Wednesday, 16 November 2011

Children's Book Cliches

When attacked by a large creature with fangs, prop its jaws apart with a halberd, or anything handy.

To kill a dragon, hide in a pit and stab its vulnerable underside as it crawls to the river to drink (may be myth No.794).

If your dog disappears, it will be found on a ledge in a quarry.

In caves, the walls are always “covered with a kind of phosphorescence that gives a little light.”

Nasty characters always call children “brats”.

When the heroes find a cave stuffed to the roof with gold and jewels, there's always some reason why they can't take any away: an ancient white cobra warns them off, it's guarded by a dragon, they turn into a dragon etc etc Or else a Boring Old Fart appears and lectures them on the fact that money never brings happiness, bla bla bla... or the gold weighs their pockets down and they have to leave it behind… or they take the prettiest jewels and they turn out to be glass.

A dog/horse is bought cheap/found wandering/rescued from a pound and discovered to have some flaw due to its unhappy childhood, eg compulsive head tossing. New child owners (with help of crusty old avuncular character) retrain dog/horse - will it revert to type at the gymkhana/dog show or win the prize?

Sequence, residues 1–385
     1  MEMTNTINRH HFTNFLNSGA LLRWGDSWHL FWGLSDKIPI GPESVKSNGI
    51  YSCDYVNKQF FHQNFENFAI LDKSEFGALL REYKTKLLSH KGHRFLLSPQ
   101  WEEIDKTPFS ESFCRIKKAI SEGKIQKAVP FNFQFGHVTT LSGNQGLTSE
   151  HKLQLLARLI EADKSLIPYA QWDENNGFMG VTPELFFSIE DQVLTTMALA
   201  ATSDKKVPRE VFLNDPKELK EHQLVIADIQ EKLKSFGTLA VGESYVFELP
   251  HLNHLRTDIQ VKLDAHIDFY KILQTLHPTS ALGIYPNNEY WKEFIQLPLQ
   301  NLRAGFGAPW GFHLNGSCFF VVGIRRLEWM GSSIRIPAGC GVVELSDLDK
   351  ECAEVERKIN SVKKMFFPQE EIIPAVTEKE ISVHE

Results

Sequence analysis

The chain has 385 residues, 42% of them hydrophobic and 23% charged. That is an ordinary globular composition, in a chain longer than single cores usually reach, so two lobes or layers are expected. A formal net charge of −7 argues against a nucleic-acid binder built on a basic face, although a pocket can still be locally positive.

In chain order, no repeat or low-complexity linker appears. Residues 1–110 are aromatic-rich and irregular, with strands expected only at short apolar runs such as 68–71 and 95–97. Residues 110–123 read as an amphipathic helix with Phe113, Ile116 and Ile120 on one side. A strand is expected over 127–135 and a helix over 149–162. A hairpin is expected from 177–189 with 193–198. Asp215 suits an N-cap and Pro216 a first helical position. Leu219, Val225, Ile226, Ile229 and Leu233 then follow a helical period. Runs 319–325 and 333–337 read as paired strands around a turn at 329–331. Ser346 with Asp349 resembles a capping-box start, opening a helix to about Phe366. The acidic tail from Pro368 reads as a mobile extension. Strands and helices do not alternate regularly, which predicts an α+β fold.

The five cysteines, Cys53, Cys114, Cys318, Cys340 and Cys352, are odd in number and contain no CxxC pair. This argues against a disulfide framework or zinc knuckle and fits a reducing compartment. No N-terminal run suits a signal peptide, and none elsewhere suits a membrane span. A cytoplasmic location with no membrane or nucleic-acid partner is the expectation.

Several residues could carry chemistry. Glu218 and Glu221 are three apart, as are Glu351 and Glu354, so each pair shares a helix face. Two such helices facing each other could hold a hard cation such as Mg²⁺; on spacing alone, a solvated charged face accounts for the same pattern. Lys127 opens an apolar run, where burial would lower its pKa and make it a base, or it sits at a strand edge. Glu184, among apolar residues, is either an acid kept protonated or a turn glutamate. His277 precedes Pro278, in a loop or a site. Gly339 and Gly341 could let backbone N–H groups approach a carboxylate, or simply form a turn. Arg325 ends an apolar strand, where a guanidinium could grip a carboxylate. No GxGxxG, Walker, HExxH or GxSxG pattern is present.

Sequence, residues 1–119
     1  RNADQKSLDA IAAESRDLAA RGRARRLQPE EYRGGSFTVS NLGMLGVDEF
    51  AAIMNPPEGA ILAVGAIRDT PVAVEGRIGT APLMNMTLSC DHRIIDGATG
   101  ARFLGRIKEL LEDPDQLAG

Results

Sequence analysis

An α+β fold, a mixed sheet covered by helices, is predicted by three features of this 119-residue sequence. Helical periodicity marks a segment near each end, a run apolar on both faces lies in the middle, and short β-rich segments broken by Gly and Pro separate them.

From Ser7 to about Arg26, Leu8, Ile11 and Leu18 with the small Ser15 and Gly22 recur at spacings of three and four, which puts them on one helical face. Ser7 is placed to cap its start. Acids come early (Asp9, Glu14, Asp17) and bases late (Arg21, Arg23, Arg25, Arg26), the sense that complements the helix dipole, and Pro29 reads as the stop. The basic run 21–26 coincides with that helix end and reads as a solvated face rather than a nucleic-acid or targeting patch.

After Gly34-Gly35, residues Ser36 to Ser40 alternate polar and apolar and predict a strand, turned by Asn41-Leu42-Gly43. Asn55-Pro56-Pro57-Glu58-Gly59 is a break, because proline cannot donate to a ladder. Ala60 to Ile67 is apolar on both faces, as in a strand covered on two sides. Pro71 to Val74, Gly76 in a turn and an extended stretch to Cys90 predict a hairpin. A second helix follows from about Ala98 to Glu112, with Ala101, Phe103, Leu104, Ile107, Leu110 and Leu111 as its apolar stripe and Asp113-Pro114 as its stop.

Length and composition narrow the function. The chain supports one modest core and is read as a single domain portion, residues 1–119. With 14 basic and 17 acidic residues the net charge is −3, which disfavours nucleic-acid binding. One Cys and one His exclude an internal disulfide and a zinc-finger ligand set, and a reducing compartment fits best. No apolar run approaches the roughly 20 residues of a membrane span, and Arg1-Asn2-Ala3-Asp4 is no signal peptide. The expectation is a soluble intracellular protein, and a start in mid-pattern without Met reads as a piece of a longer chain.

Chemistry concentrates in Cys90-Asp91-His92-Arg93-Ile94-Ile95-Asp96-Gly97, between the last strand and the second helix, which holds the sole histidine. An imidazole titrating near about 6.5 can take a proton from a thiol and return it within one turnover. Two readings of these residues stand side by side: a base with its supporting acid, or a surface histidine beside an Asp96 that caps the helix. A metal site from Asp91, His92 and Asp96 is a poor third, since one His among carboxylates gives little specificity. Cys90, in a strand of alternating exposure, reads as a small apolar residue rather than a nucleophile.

An English teacher writes: it's a stepping stone on the way to the trendy adolescent novel about a teenager who's got some flaw owing to a bla bla bla and is reclaimed by a bla bla bla and will they manage to play the lead role in the school play/play solo in the piano concerto in the end-of-year concert/win at sports day bla bla bla or will they go back on the drugs etc? There are only 7 plots in the whole of world literature and this is one of them (actually quite a good one too). Examples: a naughty boy in Little Men; hero of good 70s school story, Pennington's Seventeenth Summer, countless boarding school sagas by the likes of Enid Blyton. Of course some of them had a sinister agenda - you were meant to give them to difficult but possibly gifted chldren to read and say, There, I understand your pain, just do as I say and you too could win the Olympics, sing at Covent garden, get off with the most beautiful girl in the school etc etc.

In books, it is cool to be a rebel if you do it IN THE RIGHT WAY...

This trend is bucked by the utterly brilliant Huckleberry Finn, who at the end of the novel seems all set for reclamation by kindly good people etc but decides he'd prefer just to piss off and do his own thing.


  1. Hiding in a pit to kill the dragon at least has pedigree - it's how Sigurd killed Fafnir.

  2. And almost how Bilbo killed Smaug.

  3. Well, Tolkein's academic area was Anglo-Saxon and Old Norse, so it's not too surprising that vast swathes of his work - or at least the background to it - were borrowed from that literature.

  4. William Mayne did it too in a strange time-slip story.